Years ago, Rick Warren finagled his way onto the bestseller lists. Before Purpose-Driven Life came out, Warren had hundreds of churches lined up to buy thousands of copies, all of which he bought through Pastors.com and resold to said churches. It was so effective that Warren’s marketing rep and Zondervan left his job there and wrote a book about the process. Warren vehemently disavowed that he’d done anything unethical. Instead, the 35 million copies he’d sold was not marketing but “God’s supernatural and sovereign plan.”
Nevertheless, as a result of PDL, bestseller lists changed their rules — some removed any book that showed large, bulk sales, while other lists put an asterisk by those titles. Also, they pulled books like PDL off of non-fiction and put them in their own category of “Self-Help and Advice,” since those are often the books with bulk sales.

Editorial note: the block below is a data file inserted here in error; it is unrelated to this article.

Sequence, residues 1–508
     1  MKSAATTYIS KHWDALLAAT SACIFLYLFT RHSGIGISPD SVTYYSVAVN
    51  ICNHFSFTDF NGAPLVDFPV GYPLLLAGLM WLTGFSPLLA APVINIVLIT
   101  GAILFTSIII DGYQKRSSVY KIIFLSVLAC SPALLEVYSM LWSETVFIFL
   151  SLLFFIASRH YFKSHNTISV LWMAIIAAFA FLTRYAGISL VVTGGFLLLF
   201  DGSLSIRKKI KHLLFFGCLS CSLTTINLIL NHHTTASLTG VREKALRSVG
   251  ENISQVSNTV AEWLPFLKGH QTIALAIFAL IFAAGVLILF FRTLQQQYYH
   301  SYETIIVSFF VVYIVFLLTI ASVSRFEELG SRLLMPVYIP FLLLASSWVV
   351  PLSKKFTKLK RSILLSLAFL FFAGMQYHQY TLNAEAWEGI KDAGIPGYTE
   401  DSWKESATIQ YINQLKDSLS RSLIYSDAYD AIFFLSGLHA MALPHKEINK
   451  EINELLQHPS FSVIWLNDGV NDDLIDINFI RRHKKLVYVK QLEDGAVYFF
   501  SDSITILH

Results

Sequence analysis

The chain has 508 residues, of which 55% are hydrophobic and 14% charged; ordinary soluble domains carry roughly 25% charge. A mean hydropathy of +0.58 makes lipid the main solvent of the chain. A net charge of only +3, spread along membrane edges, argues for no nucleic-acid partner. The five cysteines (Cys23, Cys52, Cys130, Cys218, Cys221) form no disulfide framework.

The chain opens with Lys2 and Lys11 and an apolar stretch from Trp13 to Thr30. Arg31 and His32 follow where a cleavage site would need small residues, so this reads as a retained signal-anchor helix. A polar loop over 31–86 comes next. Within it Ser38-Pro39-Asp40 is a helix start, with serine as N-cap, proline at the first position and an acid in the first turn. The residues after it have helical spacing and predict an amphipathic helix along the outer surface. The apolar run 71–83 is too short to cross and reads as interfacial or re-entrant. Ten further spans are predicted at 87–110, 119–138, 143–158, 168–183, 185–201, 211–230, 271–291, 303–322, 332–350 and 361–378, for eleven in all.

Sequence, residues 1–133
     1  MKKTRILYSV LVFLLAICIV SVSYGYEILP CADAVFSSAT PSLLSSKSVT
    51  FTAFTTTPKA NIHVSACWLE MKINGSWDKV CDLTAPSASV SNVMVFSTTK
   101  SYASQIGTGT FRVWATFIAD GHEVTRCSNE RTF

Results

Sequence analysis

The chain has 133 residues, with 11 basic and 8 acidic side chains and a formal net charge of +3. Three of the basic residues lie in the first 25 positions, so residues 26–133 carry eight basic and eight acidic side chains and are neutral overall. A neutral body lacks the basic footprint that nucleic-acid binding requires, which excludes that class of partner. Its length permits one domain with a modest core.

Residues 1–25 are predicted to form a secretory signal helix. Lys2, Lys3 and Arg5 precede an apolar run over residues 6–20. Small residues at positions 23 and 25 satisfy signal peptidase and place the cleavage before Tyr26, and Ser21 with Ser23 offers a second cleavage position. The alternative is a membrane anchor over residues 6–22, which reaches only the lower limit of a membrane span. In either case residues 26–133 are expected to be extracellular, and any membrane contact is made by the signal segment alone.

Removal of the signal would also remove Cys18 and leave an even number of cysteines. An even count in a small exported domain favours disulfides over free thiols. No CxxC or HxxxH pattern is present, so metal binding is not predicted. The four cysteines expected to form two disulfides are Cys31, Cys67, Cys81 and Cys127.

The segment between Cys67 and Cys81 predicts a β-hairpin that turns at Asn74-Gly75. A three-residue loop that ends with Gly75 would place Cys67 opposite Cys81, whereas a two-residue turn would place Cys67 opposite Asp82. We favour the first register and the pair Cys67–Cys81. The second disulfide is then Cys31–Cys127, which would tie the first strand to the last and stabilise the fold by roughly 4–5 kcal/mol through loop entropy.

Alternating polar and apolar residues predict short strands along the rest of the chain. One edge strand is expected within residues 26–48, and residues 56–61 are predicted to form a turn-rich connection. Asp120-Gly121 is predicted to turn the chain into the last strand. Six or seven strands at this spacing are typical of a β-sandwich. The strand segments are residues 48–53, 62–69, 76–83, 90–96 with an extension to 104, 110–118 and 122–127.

Authors know that “non-royalty sales” don’t count toward bestseller lists. Those include, for instance, books that authors or their organizations buy at the author discount, usually 40 or 50% off the cover price.
Bestseller lists are important, even today. I once had a book contract that had a $10,000 incentive if my book made the NY Times or Publsihers Weekly list. (It didn’t.) Those lists are meant to gauge how many real, individual readers are buying books.
Now comes word that Mark Driscoll and his church hired a firm that used a thousand different credit cards and thousands of individual names — the names were supplied by the church — to drive Driscoll’s marriage book onto the bestseller lists. As a reward, the firm was paid $210,000 by Mars Hill Church: